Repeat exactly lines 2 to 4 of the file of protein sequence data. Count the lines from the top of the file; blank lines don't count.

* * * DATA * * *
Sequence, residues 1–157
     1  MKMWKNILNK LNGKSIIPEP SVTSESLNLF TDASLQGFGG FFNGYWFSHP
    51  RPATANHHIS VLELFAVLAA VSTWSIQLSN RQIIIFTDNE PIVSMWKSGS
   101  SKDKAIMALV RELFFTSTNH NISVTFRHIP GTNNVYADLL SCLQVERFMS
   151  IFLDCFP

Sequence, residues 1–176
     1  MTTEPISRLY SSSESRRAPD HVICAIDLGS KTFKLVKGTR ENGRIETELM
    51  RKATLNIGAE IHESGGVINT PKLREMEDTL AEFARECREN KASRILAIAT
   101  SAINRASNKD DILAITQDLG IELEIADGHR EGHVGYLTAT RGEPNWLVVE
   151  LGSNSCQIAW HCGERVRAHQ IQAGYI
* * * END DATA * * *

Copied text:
     1  MKMWKNILNK LNGKSIIPEP SVTSESLNLF TDASLQGFGG FFNGYWFSHP
    51  RPATANHHIS VLELFAVLAA VSTWSIQLSN RQIIIFTDNE PIVSMWKSGS
   101  SKDKAIMALV RELFFTSTNH NISVTFRHIP GTNNVYADLL SCLQVERFMS